Planet Of The Humans


Reviewed by: Jennie Kermode

Planet Of The Humans
"Principally, Gibbs is concerned with the ways in which the wind and solar energy industries fall short of providing the clean solution most people believe them to represent."

It's hard to think of a more interesting time to consider a film about energy production and climate crisis than just after the global oil price has dropped into the negative for the first time in almost two decades. As millions of factories lie idle around the planet and habitual shoppers under lockdown are forced to rethink what's essential, Jeff Gibbs' documentary about the devastating effects of overconsumption and the myth of easy salvation through renewables may lead some to question whether or not going back to normal is a laudable aim.

Executive produced by Michael Moore, with whom Gibbs has worked on a number of previous projects, the film is being released amid heavy fanfare just ahead of the 50th anniversary of Earth Day. Like many of Moore's works, it suffers from being too narrowly focused and overly didactic - this is a huge subject and impossible to cover all of in just 96 minutes, but viewers could too easily go away with the impression that there's no more to be said. It's tough going, lacking the inclination to playfulness that leavens Moore's work, but Gibbs is in many ways a better director and the film benefits from lively editing that keeps it visually interesting. He also possesses that quality that gave Moore great popular appeal - he's passionate about what he has to say.

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This is a very personal story for Gibbs, who has supported environmentalist causes for most of his life and shares the frustration of many experts in the field who continue to watch things fall apart despite decades of warnings. A strong opening sequence presents vox pops with members of the public who speculate on how long the human species has left, their responses ranging from "infinity" to "10 to 15 years." It's not difficult to illustrate which of these is likely to be more accurate, and Gibbs is careful not to waste too much time telling viewers things that they already know (because let's face it: if you were comfortably in the former camp, you probably wouldn't be watching in the first place. the bulk of the film is dedicated to something that gets far less media attention: the shortcomings of proposed solutions.

Principally, Gibbs is concerned with the ways in which the wind and solar energy industries fall short of providing the clean solution most people believe them to represent. He looks at issues like land clearance, manufacture of materials, and the environmental damage these do, as well as the way that renewables projects are used as window dressing by corporations still heavily invested in fossil fuels and the way that fossil fuel is used to support many supposedly 'clean' energy projects. There's much here that viewers are likely to find shocking, and Gibbs support his arguments with a fair quantity of facts and figures as well as some wonderfully uncomfortable interview material. Some ground is left uncovered - his tendency to focus on big players means that the apparent success of many small independent projects which have sought to avoid these compromises goes unaddressed, as does the question of whether or not reduction is worth striving for even if perfection is out of reach (though he does demonstrate that some 'green' projects have actually made the problems worse). Perhaps most bizarrely, nuclear energy isn't mentioned at all. In as far as it goes, however, this is a strong introduction to a topic which viewers can then go on to explore more widely, and it doesn't shy away from exploring the way that politicians and other prominent figures have exploited the idea that everything will be okay if only people spend more money on something else.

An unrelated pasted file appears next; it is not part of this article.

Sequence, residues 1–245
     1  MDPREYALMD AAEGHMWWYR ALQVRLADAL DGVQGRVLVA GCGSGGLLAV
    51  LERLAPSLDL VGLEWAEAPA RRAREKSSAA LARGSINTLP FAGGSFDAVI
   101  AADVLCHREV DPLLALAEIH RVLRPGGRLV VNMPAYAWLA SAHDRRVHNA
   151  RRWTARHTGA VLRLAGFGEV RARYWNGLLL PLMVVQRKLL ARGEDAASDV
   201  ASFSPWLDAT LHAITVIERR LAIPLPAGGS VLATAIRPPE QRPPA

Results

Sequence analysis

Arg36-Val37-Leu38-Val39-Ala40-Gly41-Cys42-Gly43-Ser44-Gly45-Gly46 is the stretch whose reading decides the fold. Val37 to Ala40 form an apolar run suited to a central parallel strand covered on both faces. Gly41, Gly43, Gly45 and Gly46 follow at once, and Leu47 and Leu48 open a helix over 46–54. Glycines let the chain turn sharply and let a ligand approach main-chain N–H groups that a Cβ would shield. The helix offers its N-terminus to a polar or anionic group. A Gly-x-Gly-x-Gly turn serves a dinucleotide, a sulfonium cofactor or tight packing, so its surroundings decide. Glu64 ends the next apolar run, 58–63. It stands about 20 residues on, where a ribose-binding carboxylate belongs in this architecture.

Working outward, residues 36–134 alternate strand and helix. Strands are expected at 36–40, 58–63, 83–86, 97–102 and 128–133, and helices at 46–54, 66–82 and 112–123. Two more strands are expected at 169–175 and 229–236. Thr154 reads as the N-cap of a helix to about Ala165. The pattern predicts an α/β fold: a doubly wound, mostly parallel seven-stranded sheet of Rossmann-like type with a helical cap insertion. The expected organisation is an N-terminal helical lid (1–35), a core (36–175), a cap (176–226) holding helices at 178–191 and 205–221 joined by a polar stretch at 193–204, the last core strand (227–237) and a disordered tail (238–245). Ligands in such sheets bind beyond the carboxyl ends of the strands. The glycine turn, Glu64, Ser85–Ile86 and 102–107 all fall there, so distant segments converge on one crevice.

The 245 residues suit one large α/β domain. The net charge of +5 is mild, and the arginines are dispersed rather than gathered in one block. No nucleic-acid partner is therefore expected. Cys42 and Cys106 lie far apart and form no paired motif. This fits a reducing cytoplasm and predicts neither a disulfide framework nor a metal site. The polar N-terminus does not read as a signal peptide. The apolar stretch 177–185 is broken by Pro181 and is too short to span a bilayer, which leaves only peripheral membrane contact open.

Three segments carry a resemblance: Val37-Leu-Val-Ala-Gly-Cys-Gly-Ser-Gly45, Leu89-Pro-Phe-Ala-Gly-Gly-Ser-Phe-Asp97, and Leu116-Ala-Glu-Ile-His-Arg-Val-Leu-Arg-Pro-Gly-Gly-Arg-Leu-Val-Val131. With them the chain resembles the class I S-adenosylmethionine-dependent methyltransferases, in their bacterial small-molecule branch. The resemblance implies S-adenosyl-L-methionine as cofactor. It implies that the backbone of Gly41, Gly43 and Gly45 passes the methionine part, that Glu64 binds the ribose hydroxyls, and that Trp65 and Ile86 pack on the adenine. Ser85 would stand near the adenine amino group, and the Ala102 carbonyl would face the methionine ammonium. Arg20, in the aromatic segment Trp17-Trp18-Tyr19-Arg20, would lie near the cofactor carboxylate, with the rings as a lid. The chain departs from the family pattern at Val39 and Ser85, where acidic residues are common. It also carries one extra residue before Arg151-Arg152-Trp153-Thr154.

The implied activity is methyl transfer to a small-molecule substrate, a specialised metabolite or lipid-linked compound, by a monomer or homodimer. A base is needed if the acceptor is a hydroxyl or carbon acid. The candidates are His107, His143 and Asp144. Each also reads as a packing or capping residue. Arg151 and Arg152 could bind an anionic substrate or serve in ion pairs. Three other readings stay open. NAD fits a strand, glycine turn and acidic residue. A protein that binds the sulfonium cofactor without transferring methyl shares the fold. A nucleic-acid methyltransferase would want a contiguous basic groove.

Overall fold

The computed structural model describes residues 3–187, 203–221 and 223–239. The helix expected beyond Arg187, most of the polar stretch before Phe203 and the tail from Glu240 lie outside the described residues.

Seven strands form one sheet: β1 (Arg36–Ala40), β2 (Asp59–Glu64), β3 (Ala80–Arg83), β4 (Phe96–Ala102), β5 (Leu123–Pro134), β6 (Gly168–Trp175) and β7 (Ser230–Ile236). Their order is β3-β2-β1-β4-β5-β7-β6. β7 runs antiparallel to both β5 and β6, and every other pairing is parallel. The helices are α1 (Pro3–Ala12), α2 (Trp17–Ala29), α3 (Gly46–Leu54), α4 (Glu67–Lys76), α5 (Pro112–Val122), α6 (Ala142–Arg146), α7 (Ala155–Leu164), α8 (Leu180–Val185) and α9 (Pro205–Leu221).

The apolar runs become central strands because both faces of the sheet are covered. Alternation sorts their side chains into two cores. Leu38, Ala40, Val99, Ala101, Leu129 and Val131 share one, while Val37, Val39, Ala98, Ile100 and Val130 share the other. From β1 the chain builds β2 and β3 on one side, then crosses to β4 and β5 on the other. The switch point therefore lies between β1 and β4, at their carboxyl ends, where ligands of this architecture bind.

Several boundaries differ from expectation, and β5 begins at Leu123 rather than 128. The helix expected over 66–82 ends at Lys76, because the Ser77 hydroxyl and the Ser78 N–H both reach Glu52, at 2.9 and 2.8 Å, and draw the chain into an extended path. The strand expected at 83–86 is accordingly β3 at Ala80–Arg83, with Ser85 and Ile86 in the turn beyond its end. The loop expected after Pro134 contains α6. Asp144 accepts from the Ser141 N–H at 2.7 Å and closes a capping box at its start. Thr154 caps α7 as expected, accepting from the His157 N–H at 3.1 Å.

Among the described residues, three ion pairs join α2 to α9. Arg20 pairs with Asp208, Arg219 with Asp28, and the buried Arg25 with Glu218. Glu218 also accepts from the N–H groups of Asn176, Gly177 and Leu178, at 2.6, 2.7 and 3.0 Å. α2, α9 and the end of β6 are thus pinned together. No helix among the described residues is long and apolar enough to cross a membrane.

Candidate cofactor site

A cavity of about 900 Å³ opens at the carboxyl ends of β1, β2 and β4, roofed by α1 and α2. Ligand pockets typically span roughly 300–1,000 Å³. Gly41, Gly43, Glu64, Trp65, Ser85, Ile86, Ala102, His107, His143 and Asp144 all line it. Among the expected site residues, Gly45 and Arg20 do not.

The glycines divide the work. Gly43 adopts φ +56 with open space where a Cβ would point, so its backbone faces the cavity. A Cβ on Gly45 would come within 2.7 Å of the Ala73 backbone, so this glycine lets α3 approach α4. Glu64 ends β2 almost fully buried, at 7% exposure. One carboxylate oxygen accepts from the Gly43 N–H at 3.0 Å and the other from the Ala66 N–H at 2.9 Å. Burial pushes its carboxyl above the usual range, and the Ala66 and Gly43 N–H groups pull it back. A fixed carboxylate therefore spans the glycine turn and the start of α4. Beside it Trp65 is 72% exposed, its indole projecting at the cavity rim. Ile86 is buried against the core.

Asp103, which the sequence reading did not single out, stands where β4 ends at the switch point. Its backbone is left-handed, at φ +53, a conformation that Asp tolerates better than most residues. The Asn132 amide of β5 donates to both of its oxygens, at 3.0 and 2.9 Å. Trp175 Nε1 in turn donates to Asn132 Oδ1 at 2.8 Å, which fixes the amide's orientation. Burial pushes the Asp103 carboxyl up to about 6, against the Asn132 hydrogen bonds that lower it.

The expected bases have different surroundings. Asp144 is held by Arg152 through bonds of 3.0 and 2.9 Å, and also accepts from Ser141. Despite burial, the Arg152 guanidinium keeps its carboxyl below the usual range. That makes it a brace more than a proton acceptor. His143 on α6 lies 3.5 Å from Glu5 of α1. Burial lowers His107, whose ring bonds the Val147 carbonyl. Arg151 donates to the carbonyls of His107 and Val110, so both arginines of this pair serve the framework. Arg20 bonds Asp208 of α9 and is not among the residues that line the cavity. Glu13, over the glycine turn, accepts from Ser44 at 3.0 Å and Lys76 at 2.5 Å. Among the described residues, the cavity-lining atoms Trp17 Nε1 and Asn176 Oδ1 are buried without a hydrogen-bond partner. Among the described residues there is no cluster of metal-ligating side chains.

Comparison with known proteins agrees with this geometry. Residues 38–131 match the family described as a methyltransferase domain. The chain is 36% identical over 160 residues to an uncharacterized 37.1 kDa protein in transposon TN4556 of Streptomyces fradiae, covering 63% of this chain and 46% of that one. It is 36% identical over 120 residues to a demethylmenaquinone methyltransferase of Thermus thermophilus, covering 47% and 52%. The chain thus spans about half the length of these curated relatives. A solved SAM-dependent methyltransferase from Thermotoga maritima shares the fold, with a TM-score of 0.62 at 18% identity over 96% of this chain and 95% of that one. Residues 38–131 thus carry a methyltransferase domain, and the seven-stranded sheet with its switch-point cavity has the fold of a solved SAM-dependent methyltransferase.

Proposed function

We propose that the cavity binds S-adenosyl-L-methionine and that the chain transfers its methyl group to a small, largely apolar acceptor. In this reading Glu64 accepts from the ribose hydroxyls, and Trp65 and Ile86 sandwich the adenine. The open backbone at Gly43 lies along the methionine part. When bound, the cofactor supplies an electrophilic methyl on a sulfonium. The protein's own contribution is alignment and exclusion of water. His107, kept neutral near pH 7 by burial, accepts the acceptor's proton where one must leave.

What's more difficult to discern here is what Gibbs hopes to gain from making this argument. He stresses his belief that the most important thing is for people to be more aware of what's going on, but it's unclear how this awareness is supposed to help. Many viewers are likely to be left feeling hopeless and apathetic; there is no reflection on the very simple things they could be doing, largely outside the framework of consumerism, to mitigate the situation.

Also problematic is the way that Gibbs addresses the issue of overpopulation with barely a reference (and those only from other speakers) to issues of climate justice and the problems that stem from uneven wealth distribution, or even to practical solutions like investment in contraception or educating girls. This is a very well composed rant but little more than that, and though Gibbs' anger is understandable, his despairing rhetoric seems unlikely to help. Assorted scientists working on environmental issues make vague references to human nature and to humans only being animals in a way that overlooks (as so often) the existence of decades' worth of research by political scientists, anthropologists and sociologists into how human societies can be prompted to change and adapt.

If you look at the state of the world and feel nothing but despair, Gibbs' film may afford you the dubious pleasure of getting to believe you were right. If not, you may find the gaps in the story it tells as frustrating as the rest is educational.

Reviewed on: 21 Apr 2020
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Planet Of The Humans packshot
The story of the environmental movement, why it matters and why it might not always be what it appears to be.
Amazon link

Director: Jeff Gibbs

Year: 2020

Runtime: 96 minutes

Country: US


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